Cancer increases the chances of blood clotting because it makes blood thick and sticky. Furthermore, a large tumour pressing against a vein can also increase the possibility of developing a tumour. Chemotherapy and surgery treatments make this risk even higher (Kantor & Suzan, 2016). The physician can prescribe blood thinning medication to manage any blood clots.
Fistula is a complication that can develop in cancer patients battling cervical cancer. If a fistula develops between the vagina and the rectum, a surgery must be carried out to rectify the situation (Kantor & Suzan, 2016). The incidences of fistula among advanced cervical cancer patients are approximately one in fifty cases.
Treatment Side Effects and Solutions
Hair loss is the most common and evident side effect of cancer treatment. Chemotherapy results in the loss or thinning of all hair body while radiotherapy affects the area of treatment. Different hormonal therapies may also cause hair loss. One of the major ways to cope with hair loss is to shave the hair and invest in a hair wig (Kantor & Suzan, 2016).
Lessened count of white blood cells
The number of white blood cells is often affected by targeted therapies and chemotherapy. The patient’s susceptibility to infection increases due to low white blood cell count (Mitchell, 2010). Antibiotics for an infection treatment should be prescribed to the patient.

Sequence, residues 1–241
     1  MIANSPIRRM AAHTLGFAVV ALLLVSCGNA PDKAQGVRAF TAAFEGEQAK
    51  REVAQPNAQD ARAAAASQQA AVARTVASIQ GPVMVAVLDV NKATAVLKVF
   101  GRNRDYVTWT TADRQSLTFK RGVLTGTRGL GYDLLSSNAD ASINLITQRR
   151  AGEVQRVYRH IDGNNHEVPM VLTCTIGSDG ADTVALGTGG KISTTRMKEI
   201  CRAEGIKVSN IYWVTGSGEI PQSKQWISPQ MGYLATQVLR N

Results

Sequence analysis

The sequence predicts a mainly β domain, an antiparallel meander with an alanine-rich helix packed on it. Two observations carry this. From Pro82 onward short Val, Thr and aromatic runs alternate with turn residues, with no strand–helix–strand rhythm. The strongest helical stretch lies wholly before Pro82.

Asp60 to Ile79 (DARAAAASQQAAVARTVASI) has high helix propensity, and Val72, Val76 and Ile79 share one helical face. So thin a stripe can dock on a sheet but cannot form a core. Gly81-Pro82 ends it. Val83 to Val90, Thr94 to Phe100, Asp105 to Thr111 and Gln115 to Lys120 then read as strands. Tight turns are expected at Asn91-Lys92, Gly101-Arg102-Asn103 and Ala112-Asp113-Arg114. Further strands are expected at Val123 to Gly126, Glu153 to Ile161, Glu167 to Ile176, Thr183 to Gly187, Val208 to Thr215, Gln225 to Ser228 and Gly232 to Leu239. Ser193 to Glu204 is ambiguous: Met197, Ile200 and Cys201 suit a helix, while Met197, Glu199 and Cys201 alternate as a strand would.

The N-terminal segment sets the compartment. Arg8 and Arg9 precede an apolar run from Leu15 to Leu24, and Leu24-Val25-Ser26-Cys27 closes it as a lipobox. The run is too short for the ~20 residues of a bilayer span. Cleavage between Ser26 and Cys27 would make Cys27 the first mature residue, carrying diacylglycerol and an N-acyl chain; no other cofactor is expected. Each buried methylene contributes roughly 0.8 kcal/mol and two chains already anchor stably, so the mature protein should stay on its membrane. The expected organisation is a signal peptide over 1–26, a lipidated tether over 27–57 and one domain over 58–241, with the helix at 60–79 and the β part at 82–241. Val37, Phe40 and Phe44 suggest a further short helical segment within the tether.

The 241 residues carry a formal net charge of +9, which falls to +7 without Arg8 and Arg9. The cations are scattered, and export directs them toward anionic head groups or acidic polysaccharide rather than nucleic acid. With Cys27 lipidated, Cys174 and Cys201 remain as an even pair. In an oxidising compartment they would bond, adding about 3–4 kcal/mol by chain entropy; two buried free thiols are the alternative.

Fatigue is another side effect of cancer treatment. Fatigue lasts for as long as the treatment lasts and sometimes longer. Preparing the patient about the side effect is essential. The doctor should advice the patient to get the right support system as he or she begins treatment.
Approach to Care of Cancer
The incidence and prevalence of cancer has increased in the 21st century. As stakeholders of the healthcare system, cancer victims, survivors and the general public continue to understand the disease, the approach to care continues to evolve (Mitchell, 2010). Cancer patients have many needs that need to be met, that is, physical needs, emotional and psychological needs, spiritual needs, financial and emotional needs and practical support need. Therefore, the healthcare system must change and evolve to meet these needs. The care provided for cancer patients must move from a disease centred approach to a holistic patient centred approach. The main objective of a holistic patient centred approach is to improve the patient’s quality of life. This approach mainly entails palliative care. Palliative care for cancer patients combines the treatment for cancer with symptom relief care.
One of the major factors in providing palliative care is providing multidisciplinary care or team care. The cancer patient receives or assembles a team that consists of doctors, oncologists, radiologists, specialised nurse, therapist and other required medical specialist (Kantor & Suzan, 2016). Consequently, the team can work together to treat the patient, manage the symptoms, treat the side effects, help the patient manage stress and address any concerns during care. The coordination facilitates faster treatment, easier access to credible and personalised healthcare information and overall improved access to treatment.